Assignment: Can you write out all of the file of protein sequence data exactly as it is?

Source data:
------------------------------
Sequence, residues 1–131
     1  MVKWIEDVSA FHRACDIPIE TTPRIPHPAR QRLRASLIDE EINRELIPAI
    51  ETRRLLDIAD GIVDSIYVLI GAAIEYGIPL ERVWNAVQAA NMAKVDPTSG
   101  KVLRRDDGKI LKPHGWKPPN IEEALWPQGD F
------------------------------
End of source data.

Sequence, residues 1–131
     1  MVKWIEDVSA FHRACDIPIE TTPRIPHPAR QRLRASLIDE EINRELIPAI
    51  ETRRLLDIAD GIVDSIYVLI GAAIEYGIPL ERVWNAVQAA NMAKVDPTSG
   101  KVLRRDDGKI LKPHGWKPPN IEEALWPQGD F